By Chinedu Chukwudinma
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Issue 445

Dave first rose to fame as a teenager in 2016 through his freestyle clips on grime and UK rap platforms. Since then he has proved to all listeners that he’s a lyrical genius and a talented musician who can even play the piano.

More importantly, Dave must be respected as one of the brightest conscious and political rappers alive today. He supports Love Music Hate Racism and has dedicated his song Question Time to dissing Theresa May’s austerity. Psychodrama is the 20 year old artist’s debut album.

The concept of the album is based on Dave inviting his audience to listen to his fictional therapy sessions. Every time his therapist asks a question or comments, Dave answers with an in depth reflection on social injustices, racism, and mental health. In doing so, Dave reinstates the central role of storytelling in rap for delivering messages that connect to our emotions.

While rap tunes now average just two and a half minutes in length, Dave’s “Lesley” delivers a powerful 11 minutes condemning violence against women. Dave’s style of conscious rap is best represented in the tracks “Psycho” “Streatham” and “Environment”. Almost every verse is filled with a complex wordplay and ruthless punchlines that convey Dave’s emotional state of distress. The melancholic piano chords enrich Dave’s anger and frustration at growing up black and poor in London and his disillusionment with success.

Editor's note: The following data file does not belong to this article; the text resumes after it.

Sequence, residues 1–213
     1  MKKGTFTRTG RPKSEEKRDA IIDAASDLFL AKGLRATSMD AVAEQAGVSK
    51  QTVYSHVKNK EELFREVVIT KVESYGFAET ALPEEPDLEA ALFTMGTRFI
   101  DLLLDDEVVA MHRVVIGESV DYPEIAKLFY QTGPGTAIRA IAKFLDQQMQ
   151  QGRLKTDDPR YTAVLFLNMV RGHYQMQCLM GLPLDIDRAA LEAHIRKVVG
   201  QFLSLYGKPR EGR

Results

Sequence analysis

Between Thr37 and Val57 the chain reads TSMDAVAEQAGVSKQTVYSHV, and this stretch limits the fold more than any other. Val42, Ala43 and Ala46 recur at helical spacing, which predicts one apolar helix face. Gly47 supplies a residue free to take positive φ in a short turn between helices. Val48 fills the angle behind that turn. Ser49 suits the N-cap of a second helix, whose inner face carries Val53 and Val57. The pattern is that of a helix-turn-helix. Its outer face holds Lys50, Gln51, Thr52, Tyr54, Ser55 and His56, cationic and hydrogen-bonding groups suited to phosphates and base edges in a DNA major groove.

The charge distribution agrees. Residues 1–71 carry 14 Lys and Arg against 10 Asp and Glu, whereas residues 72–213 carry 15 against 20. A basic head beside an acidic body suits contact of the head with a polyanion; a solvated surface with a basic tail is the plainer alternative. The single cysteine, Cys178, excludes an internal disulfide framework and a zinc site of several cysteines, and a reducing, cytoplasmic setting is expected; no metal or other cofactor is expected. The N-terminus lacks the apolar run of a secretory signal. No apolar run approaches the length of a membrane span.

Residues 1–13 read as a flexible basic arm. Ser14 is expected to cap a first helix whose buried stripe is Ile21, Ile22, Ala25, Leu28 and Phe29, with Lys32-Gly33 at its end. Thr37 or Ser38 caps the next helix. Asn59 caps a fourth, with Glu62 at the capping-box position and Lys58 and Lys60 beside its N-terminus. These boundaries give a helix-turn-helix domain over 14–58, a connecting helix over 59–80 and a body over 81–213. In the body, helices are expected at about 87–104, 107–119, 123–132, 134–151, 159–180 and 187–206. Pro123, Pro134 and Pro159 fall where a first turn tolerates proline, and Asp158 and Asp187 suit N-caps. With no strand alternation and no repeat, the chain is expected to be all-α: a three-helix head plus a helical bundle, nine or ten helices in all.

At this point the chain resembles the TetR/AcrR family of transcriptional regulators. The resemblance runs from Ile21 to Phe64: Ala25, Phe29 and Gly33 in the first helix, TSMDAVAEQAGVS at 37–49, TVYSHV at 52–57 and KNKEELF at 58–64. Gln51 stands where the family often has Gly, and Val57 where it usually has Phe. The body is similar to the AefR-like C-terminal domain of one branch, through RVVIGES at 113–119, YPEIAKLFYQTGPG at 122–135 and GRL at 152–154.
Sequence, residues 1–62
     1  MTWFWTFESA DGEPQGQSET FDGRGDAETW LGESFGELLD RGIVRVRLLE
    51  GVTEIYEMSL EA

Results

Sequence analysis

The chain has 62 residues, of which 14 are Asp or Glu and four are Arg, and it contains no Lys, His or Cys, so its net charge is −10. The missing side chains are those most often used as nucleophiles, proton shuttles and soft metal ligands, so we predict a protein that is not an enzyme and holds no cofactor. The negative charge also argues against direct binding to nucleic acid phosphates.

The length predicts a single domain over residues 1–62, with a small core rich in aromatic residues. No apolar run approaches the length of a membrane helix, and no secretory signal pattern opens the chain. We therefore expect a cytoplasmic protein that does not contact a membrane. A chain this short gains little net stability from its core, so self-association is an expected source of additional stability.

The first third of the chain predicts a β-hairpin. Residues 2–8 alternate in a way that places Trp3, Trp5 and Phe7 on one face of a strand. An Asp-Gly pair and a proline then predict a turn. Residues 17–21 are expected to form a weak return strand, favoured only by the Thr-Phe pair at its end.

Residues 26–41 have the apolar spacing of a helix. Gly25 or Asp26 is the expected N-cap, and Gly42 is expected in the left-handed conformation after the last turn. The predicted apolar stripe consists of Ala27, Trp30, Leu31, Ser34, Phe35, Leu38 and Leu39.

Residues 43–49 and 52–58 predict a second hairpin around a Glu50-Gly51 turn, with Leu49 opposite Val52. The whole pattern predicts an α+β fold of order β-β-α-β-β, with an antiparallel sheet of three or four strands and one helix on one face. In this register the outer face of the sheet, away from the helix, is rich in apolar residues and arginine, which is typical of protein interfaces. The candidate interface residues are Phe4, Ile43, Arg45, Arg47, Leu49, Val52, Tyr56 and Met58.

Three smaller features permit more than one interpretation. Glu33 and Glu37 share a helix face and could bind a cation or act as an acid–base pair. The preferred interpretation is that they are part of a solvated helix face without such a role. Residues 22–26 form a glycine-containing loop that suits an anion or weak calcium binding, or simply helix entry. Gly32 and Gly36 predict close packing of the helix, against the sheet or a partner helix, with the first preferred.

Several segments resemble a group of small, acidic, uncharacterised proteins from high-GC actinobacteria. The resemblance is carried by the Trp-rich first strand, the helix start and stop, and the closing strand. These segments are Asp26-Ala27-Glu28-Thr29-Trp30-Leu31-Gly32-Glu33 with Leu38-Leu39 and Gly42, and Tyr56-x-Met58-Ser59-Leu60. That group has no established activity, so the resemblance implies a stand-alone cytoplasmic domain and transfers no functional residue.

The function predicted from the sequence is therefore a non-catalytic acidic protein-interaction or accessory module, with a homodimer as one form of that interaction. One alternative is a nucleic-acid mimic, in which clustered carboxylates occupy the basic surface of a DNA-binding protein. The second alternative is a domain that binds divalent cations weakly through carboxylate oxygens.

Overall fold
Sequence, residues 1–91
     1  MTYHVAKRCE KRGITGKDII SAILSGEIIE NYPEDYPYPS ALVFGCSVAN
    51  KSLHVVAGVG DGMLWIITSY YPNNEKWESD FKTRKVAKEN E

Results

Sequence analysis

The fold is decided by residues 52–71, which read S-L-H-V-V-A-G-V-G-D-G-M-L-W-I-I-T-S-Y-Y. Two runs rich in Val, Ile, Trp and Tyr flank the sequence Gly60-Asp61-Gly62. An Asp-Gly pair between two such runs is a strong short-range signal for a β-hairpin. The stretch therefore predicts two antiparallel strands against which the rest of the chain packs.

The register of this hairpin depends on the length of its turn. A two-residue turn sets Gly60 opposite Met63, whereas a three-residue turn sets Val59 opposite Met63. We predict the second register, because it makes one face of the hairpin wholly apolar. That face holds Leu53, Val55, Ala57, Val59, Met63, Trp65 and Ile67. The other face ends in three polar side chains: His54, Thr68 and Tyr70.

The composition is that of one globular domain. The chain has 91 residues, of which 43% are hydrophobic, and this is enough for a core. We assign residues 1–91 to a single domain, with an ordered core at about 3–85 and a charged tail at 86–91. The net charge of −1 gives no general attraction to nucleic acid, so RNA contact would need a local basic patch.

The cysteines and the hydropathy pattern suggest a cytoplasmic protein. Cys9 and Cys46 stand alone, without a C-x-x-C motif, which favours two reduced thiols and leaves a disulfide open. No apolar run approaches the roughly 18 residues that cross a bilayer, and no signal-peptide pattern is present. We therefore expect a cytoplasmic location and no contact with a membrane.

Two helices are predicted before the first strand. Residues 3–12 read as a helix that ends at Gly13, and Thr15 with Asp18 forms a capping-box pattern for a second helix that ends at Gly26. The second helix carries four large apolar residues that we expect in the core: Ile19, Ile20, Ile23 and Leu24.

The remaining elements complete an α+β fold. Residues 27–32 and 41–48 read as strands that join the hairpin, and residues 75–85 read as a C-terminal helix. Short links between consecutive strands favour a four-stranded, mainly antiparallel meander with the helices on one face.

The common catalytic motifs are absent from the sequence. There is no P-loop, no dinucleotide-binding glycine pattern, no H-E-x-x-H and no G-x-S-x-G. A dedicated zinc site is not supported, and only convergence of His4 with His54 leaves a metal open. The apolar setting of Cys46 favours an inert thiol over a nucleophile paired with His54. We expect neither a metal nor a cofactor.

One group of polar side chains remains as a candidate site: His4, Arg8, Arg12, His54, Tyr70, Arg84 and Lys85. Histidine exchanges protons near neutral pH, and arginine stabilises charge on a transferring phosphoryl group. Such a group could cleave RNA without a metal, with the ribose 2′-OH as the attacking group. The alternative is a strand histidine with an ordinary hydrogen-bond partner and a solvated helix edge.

But Dave also shows his wisdom and expresses his ambition to overcome his negative environment. Dave’s first single “Black” destroys the dominant narratives of the state and the media that reduce black people to a single stereotype and misrepresent their experience.

What comes out of Dave’s definition of blackness is an identity rooted in oppression. In claiming “Black is being guilty until proven innocent” or “black ain’t just a single fuckin’ colour, man there’s shades to it”, Dave suggests a broad conception of blackness that unites all minorities who catch hell under capitalism.

For a couple of tracks, Dave drops his dark and sad instrumentals for more cheerful and upbeat West African sounds in collaboration with Afrobeat artists Burna Boy and J-Hus. This is Dave’s way of celebrating his Nigerian heritage.

Apart from a few sexist lyrics, Dave’s words of wisdom are much needed in a world where most rappers endorse capitalism without any criticism. Psychodrama is Dave’s attempt to convince his audience to make the right moral and political decisions.

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